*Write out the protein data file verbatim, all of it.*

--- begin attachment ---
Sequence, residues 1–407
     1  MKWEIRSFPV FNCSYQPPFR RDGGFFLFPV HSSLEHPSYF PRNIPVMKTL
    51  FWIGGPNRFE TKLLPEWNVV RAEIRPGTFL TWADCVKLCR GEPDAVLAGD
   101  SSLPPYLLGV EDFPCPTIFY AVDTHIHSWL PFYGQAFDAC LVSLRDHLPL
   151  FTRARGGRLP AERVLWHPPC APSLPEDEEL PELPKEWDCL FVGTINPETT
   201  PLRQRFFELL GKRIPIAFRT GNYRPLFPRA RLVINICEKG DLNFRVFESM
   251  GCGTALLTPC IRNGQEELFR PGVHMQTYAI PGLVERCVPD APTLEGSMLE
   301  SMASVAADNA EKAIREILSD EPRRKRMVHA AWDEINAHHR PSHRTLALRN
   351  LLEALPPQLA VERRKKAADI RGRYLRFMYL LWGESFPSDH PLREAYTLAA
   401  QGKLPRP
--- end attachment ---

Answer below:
Sequence, residues 1–407
     1  MKWEIRSFPV FNCSYQPPFR RDGGFFLFPV HSSLEHPSYF PRNIPVMKTL
    51  FWIGGPNRFE TKLLPEWNVV RAEIRPGTFL TWADCVKLCR GEPDAVLAGD
   101  SSLPPYLLGV EDFPCPTIFY AVDTHIHSWL PFYGQAFDAC LVSLRDHLPL
   151  FTRARGGRLP AERVLWHPPC APSLPEDEEL PELPKEWDCL FVGTINPETT
   201  PLRQRFFELL GKRIPIAFRT GNYRPLFPRA RLVINICEKG DLNFRVFESM
   251  GCGTALLTPC IRNGQEELFR PGVHMQTYAI PGLVERCVPD APTLEGSMLE
   301  SMASVAADNA EKAIREILSD EPRRKRMVHA AWDEINAHHR PSHRTLALRN
   351  LLEALPPQLA VERRKKAADI RGRYLRFMYL LWGESFPSDH PLREAYTLAA
   401  QGKLPRP